There's a sort of invisible thread from Madame Bovary
to A Streetcar Named Desire
, which in its route gets tied up in a hot whorehouse and wraps vainly around the cosmetics section of a pharmacy in the Southern United States before knotting at its terminus in New Orleans. I find it almost criminal how often people mistake Blanche duBois' whimsy for female frailty, for I think she is an almost unnaturally strong character; far, far moreso than her timid sister Stella. Perhaps it is because her foil, and diametric opposite, Stanley is so much so the iron casting of masculine strength and violence, that make Blanche seem to the reader/viewer so relatively weak. But the play is dominated by the very different strengths of these enormous characters: Stanley's violent force and Blanche's imaginative power.
Blanche, like her French-bourgeois predecessor, Emma Bovary, has an old fashioned ideal of romance which she cannot reconcile with her amorous experiences. Unlike Emma, Blanche has a much more sordid history, and as a result has become the battleground between her vain illusions and her knowing disillusionment. Having fallen in love with a gay boy in her youth, who subsequently died, she sought love in the many men of the local army camp, living a prostitute's kind of life, and even had an affair with a young male student, until she lost her family estate, Belle Reve (presumably from "belle rêve
," french for "beautiful dream" - and appropriately a common name for sanitariums, along with belle vue
) which she lost to debtors. Blanche's world: her home, her job, her love (or search therefor), everything, she loses, and flees her soiled reputation to live with her sister Stella and her husband Stanley Kowalski. She has a passionate imagination, which is her last remaining crutch of her fragile sanity:
“I don't want realism. I want magic! Yes, yes, magic! I try to give that to people. I misrepresent things to them. I don't tell the truth, I tell what ought to be the truth. And it that's sinful, then let me be damned for it!”
Her desperation for romance, for magic, in her life is the only avenue remaining for her escape. That's what Streetcar Names Desire
is about: escape. Escape from the shameful past, drinking to escape from the dully painful present, and escape from the violent future. Blanche eventually retreats fully into her own self-delusions of romantic escape when her past creeps unexpectedly into the present.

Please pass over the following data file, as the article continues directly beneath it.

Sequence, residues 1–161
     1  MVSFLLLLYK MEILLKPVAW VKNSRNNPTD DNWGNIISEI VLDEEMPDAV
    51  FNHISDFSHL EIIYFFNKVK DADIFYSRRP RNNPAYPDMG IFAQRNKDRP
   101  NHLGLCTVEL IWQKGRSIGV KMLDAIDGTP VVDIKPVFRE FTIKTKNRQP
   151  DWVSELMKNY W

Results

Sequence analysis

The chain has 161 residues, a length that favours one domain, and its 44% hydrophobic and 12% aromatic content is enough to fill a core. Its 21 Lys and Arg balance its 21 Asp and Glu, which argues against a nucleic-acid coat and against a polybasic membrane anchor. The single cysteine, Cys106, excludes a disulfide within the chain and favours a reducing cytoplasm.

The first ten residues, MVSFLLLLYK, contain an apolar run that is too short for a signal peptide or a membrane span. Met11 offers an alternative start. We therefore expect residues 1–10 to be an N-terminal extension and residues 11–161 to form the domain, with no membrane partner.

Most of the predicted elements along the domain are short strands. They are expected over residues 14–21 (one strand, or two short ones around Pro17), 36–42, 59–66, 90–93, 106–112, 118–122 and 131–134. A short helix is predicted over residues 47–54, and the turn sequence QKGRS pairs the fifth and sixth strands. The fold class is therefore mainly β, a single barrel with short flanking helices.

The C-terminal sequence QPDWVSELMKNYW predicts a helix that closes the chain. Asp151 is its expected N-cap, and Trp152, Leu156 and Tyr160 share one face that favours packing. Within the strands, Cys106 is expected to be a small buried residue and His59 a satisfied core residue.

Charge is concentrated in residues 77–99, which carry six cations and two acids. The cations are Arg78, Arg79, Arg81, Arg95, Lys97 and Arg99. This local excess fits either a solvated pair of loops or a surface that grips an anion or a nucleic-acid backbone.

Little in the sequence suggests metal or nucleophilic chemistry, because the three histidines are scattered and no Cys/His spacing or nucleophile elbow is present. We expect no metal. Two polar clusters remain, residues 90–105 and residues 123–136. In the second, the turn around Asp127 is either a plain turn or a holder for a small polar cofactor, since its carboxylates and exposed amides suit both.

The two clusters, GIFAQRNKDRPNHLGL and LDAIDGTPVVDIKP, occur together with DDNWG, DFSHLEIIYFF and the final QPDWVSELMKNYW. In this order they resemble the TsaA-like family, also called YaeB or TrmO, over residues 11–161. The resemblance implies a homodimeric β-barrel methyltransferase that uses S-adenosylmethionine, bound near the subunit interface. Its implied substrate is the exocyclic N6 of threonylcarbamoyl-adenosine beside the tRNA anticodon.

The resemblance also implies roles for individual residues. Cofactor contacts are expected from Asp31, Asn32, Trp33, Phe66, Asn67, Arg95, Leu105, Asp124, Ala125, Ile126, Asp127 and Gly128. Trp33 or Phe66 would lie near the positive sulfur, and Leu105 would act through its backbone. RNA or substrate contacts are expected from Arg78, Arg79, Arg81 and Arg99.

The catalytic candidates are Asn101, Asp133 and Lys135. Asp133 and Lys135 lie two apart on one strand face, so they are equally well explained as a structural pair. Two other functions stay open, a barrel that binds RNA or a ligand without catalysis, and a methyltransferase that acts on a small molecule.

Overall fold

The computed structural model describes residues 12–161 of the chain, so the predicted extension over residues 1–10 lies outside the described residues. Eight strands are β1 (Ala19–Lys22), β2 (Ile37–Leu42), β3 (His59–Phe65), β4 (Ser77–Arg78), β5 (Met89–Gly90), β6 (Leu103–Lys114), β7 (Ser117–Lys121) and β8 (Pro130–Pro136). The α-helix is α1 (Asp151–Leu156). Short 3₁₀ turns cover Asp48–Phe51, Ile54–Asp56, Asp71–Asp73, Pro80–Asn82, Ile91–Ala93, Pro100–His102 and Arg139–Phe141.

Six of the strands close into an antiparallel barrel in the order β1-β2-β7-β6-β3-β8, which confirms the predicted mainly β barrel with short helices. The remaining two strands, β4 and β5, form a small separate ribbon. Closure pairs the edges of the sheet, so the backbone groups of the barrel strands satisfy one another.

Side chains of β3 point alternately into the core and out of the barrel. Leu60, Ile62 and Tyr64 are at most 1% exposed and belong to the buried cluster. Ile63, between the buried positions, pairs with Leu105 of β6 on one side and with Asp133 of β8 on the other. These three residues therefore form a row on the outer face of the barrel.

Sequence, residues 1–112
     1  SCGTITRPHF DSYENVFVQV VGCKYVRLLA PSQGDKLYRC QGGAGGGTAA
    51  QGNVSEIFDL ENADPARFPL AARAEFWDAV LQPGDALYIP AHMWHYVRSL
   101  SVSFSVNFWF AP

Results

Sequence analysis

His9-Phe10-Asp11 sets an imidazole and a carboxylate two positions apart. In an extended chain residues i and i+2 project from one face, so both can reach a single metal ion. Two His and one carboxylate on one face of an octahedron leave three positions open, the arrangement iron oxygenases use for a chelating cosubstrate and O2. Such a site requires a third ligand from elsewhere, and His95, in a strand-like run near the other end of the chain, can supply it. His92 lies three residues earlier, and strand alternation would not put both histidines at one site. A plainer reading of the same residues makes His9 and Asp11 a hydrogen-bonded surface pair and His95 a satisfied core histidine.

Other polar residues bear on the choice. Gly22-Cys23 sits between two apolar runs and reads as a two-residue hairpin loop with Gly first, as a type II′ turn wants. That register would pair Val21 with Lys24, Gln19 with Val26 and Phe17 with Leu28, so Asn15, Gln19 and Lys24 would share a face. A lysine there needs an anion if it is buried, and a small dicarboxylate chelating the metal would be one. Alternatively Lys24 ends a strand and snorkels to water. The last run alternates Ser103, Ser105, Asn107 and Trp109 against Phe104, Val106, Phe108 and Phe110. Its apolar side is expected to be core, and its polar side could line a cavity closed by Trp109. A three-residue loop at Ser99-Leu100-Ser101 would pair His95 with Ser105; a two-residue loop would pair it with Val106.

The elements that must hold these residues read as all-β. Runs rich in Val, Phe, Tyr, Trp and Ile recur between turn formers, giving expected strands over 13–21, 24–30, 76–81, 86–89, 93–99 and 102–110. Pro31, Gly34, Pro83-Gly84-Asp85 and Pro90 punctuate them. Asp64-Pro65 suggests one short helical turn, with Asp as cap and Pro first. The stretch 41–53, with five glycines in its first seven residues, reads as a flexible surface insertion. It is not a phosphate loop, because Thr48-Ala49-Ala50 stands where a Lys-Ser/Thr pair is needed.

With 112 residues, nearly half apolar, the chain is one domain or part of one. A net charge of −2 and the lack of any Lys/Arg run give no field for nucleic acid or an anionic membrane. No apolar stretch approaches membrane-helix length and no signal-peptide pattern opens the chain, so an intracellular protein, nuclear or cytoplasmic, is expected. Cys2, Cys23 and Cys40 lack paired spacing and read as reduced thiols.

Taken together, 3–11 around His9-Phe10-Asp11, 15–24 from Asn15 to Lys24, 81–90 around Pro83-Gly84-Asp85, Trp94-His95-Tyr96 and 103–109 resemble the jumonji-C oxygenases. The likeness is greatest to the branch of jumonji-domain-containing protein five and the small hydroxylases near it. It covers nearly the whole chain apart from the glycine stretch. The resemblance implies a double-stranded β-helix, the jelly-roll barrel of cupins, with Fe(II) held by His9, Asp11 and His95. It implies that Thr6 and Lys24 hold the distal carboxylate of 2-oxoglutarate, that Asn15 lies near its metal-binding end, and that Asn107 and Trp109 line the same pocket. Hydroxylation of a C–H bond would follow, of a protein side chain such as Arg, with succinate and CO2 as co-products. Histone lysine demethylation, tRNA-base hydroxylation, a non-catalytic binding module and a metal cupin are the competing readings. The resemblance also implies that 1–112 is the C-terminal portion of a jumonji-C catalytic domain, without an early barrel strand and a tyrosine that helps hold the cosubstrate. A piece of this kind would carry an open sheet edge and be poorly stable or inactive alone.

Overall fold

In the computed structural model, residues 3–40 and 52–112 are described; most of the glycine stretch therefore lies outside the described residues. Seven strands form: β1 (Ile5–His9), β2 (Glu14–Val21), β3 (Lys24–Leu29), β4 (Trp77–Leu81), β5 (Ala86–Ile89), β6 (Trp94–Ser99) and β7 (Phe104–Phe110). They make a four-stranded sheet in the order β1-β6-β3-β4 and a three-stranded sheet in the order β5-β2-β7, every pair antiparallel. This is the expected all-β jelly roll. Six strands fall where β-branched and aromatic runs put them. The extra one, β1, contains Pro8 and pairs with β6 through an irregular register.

The story of Stella and Stanley is a time-creep of the opposite orientation: Stella is made aware of the dangers and disturbances of a future with Stanley by the mistreatment of her sister. Stella sheds her luxurious tears at the the curtain close as a rueful acknowledgement of the tension between reality and illusion. While she cannot fully believe Blanche's story, she cannot bring herself to fully deny it either. Her vision of Stanley, of her sister, and of her life spread out ahead of her are forever changed by what has transpired. Though she stays with Stanley, her relationship with him is tainted with something of mistrust and fear.
Illusion in the play, the main funhouse mirror, is the illusion of appearance. Everything has a surface and an interior, and there is a struggle, a contradiction, between the veneer of appearance and the truth of substance. Blanche becomes obsessed with her appearance, rather than reconciling herself with the maelstrom of emotion and fear which boils beneath the surface, she suffocates her own Self by the feint play of her made-up appearance. She has an imagination which approaches prolepsis in its improvisational fervor. She always has a lie, a fraud, a gloss-over for the truth which is black inside of her. She is fearful of the light, which not only shows her aging appearance, signs of aging she she cannot cover-up, but is also symbolic for the truths which are rising like slag to the surface, revealing the cold worn metal beneath. What she cannot escape is that the world does not have the magic which she seeks, the most powerful force around her is truth, and it is truth which she feels she needs to escape. The tension between truth and "magic" eventually destroys her psyche.
For Stanley, escape, illusion, is obtained through vice: drinking, gambling, domestic abuse and violence. His fears of incompetence and undeserving are evaded through his violent actions, which both evade questioning yet also show his hand. He is mirrored man to Blanche, and she the revealing pier-glass to him. Because they are so opposed, they reveal the truths in each other's characters. Stanley's violence is incompatible with Blanche's romantic visions of the world, particularly her vision of men. In Stanley she seems a savage character, almost like the stock ruffian of a Spanish romance, but one which is violent even to her, which is violent in its uncovering of her secrets: one which is deliberately cruel
. This deliberate cruelty on the part of Stanley is something which Blanche finds "the only thing not forgivable" and the only thing which has the true power to shatter her war-worn illusions. For Stanley, Blanche represents the world which shares his wife, but which he fears has a stronger, atavistic claim on her. He can never offer Stella money or blissful security, he can never offer her culture. Blanche is the very manifestation of these ideals, and her romantic vision of the world is alluring to all around her, her imaginative power is a danger to Stanley's marriage, because it is a reminded to him and to Stella of the kind of life which they can never have with each other.
"They told me to take a street-car named Desire, and transfer to one called Cemeteries, and ride six blocks and get off at—Elysian Fields!"
Desire and death: the only ways to reach paradise!